Dish Network has launched its new Super Joey DVR, which expands the number of programs subscribers can record simultaneously to eight.
Comcast's $45.2 billion agreement to acquire Time Warner Cable could make the idea of a potential DirecTV merger with Dish Network more attractive to regulators, DirecTV CEO Mike White suggested at an investor conference Tuesday.
DirecTV is following the lead of competitor Dish Network and is in discussions with Walt Disney Co. to deliver Disney content such as ESPN, the Disney Channel and ABC to customers via an over-the-top Internet-based product.
Following similar moves from Cablevision and Time Warner Cable, Dish Network launched its Dish Anywhere app Wednesday on Amazon's Kindle Fire HDX tablets.
Verizon CEO Lowell McAdam said he has had discussions with the CEOs of major content providers about launching an over-the-top pay-TV service which would rely on either a "bring your own broadband" model or Verizon's LTE network.
Walt Disney Co. said late Monday that it signed a carriage deal with Dish Network making it the first pay-TV provider to land rights to deliver ESPN, Disney Channel and other networks through an over-the-top pay TV service.
As the industry weighs the impact of Comcast's merger agreement with Time Warner Cable, I thought it would be good to take a look at what happened to the TCI-Bell Atlantic deal that happened 33 years ago. Are there lessons from that failed merger that would be useful to consider when we gauge the prospects of the Comcast-TWC deal?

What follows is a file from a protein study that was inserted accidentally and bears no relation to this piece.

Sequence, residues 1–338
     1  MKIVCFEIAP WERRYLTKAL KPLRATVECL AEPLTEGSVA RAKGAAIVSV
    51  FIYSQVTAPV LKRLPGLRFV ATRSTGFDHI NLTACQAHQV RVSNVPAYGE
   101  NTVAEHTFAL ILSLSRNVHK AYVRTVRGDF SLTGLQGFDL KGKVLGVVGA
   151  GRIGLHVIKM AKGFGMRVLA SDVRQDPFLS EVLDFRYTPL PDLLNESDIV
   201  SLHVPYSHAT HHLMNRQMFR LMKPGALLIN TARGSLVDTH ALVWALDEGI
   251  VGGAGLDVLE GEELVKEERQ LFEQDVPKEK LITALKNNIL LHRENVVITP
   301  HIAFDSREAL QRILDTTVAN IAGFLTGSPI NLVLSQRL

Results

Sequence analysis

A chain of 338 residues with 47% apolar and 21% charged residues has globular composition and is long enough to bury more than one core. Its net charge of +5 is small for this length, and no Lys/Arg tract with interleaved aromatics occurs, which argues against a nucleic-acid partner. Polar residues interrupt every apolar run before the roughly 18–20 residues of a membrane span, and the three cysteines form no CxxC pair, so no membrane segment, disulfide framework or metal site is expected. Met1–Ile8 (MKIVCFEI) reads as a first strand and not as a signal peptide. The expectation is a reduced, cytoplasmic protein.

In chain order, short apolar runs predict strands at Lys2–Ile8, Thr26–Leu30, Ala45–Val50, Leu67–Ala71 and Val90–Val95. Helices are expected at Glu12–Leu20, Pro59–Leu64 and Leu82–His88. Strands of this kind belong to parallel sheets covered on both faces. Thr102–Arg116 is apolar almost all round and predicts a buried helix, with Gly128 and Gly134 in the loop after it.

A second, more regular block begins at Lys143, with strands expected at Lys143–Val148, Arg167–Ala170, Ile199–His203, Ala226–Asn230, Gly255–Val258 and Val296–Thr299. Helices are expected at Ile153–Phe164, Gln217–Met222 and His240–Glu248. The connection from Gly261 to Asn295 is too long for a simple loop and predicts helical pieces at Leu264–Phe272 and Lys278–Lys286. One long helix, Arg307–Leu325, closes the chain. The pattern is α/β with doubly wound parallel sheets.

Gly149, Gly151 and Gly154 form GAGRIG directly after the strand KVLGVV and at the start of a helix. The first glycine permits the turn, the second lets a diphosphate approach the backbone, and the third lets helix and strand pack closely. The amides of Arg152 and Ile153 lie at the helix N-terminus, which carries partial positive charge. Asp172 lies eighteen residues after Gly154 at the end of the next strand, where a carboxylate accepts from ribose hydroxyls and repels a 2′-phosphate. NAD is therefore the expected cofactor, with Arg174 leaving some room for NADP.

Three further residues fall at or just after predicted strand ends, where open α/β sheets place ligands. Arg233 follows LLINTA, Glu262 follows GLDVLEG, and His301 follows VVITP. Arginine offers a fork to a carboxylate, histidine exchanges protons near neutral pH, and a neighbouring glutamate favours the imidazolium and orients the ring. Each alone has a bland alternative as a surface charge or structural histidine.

Top executives at Dish Network and DirecTV used their fourth-quarter earnings calls to react to Comcast's merger proposal with Time Warner Cable, expressing concerns about the number of pay-TV subscribers and programming assets that Comcast and TWC would control.
Dish Network added 8,000 net video subscribers in the fourth quarter, with growth slowing compared to the 14,000 it picked up in Q4 2012 and the 22,000 net video subs it posted in the same period in 2011.
I was starting to write a column last night about some predictions that former Tele-Communications Inc. chief Leo Hindery had in 1999 about the impact of cable consolidation when news broke about the Comcast-Time Warner Cable deal. Those statements from Hindery, the architect of a series of cable system acquisitions and swaps in 1997 that we called the "Summer of Love," are as relevant today as ever.